Water Bath Canning for Beginners: Blackberry Jam
Have you ever bottled sunshine?
No of course not, but just a taste of blackberry jam come midwinter and you’ll feel like you have.
It’s the essence of all things summertime just sitting in the root cellar waiting to be opened some dark night huddled around the wood stove. It’s sweet and juicy and definitely not healthy but it’s one of those good for the soul kind a foods.
The best part is that even if you’re a total canning novice it’s really not difficult to make. Not at all.
On with it! Right? Well here’s what you’ll need:
4 cups of crushed blackberries (raspberries could be substituted)
6 1/2 cups of sugar (that’s where those emergency phone calls for sugar come in)
1 pouch of liquid pectin
The equipment you will need includes 5 to 8 half pint canning jars with new lids and bands (or jars of your choice) and a water bath canner (a rack and large pot). Optional but extremely useful equipment includes a canning jar lid magnet, canning jar tongs, and a funnel. You can get all these things in a ball canning kit like we did here.
Boil all your jars and rings (not lids though) in your water bath canner for 10 minutes. You can remove the lids and set them on a clean towel but many people choose to keep the jars simmering until ready to use. Placing hot jam into cold jars could cause them to crack.
**Pro tip: Tie all your lids on a cotton string and then loop the string over one of the canner handles so they’re easy to retrieve from the boiling water. You can thank Pilgrim from Stone Axe Herbals for that piece of advice.
Rinse if needed and then crush your berries. I use a potato masher to crush mine though your could use a food processor just be careful not to puree them. How much your crush them is all personal preference. I like mine pretty chunky.
Making the jam
Measure your berries and simmer while stirring in the 6 1/2 cups of sugar. I like to measure the sugar out into a separate container first so I have it all ready.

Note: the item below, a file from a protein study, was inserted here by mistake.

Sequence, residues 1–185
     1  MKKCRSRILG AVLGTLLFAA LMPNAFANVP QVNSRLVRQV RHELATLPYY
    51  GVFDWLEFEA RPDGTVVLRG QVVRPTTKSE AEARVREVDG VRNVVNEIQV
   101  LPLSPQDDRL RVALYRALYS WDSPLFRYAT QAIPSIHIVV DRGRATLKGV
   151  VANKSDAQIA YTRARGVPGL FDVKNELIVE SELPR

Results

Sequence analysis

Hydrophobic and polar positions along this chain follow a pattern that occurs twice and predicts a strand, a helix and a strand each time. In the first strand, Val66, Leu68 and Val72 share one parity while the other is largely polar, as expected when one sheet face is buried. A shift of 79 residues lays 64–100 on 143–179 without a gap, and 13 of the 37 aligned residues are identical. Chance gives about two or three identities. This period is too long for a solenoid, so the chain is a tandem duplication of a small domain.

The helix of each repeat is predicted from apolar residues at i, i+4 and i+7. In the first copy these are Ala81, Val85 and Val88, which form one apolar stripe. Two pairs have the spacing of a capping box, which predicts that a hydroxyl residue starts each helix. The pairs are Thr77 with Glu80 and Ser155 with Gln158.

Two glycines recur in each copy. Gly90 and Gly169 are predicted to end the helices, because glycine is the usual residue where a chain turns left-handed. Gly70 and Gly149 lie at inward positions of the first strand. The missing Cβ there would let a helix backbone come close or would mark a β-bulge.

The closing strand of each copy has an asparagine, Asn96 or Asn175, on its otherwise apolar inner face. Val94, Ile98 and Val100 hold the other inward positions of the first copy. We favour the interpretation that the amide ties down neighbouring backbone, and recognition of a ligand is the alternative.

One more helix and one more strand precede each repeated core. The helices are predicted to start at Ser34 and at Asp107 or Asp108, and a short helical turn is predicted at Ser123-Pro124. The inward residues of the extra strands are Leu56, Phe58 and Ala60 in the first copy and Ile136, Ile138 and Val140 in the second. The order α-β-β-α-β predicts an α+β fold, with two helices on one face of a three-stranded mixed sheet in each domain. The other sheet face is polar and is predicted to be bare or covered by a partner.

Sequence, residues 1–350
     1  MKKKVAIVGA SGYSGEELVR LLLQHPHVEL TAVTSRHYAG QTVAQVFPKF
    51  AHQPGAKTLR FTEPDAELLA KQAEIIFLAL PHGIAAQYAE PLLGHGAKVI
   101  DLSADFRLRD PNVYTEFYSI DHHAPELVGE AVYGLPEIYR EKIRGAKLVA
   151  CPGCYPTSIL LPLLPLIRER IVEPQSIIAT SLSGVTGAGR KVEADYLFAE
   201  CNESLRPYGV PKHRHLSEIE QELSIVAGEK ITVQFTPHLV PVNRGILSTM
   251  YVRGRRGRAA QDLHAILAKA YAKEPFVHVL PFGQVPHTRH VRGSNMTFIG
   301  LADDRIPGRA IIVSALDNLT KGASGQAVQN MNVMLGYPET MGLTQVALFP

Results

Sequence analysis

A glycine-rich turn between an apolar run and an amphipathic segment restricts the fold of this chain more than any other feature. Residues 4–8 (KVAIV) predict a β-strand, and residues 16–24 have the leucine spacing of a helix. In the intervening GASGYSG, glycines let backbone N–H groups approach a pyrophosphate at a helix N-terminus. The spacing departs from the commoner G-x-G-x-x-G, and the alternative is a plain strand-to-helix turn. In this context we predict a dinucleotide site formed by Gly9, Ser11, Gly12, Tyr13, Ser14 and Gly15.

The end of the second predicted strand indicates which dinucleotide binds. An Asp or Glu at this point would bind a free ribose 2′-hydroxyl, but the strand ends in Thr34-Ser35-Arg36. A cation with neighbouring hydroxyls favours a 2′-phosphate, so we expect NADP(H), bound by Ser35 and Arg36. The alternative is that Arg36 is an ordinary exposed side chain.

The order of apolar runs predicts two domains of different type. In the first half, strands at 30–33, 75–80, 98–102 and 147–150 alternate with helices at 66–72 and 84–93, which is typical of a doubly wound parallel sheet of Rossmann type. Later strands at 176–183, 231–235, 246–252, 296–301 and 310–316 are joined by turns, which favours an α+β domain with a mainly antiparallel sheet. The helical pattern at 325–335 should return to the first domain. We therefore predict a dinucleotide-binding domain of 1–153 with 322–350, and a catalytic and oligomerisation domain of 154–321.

Once the sugar is incorporated bring the mixture to a hard boil (it should not stop bubbling when you stir it) then you can add you liquid pectin. Bring the mixture back to a boil and boil for 1 minute stirring constantly.
Remove jam from heat and jars from canner. Using the funnel and a ladle fill the jars leaving a 1/2 inch of head space. Don’t rush but you want to do this fairly quickly before the jam sets up.
Wipe the rims of the jars with a clean damp cloth before putting on lids and rings. This is an important step! Dirty jar rims could affect the seal. Screw on rings finger tight.
Using the jar tongs so you don’t burn yourself place all your filled jars back in the canner. You made need to add or remove some water. It should be 2 inches above the top of the jars.
Bring to a boil and boil for 10 minutes.
**Note if you’re using larger jars they will need to be in the canner longer. Sometimes I use pints and can them for 15 minutes.
Remove your jars from the canner and let them sit overnight. You will probably here the jars seal fairly quickly after they come out but I like to let mine sit overnight before removing the rings.
Removing the rings may seem silly but if you don’t they can rust or create a false seal. You should be able to lift your jars by holing the lid without the ring on.
If you have jars that didn’t seal you can re-can them using a new lid.
- Use a bigger pot than you think you’ll need to cook the jam. It bubbles up a lot more than you’d think.
- Some people say to skim the foam off before putting your jam in jars. I don’t but it might make it look a little prettier if you want to.
- Don’t forget to label your jars after they’re done! I just write on the lids with a sharpie.
Don’t forget to to take a breath and enjoy your jam!
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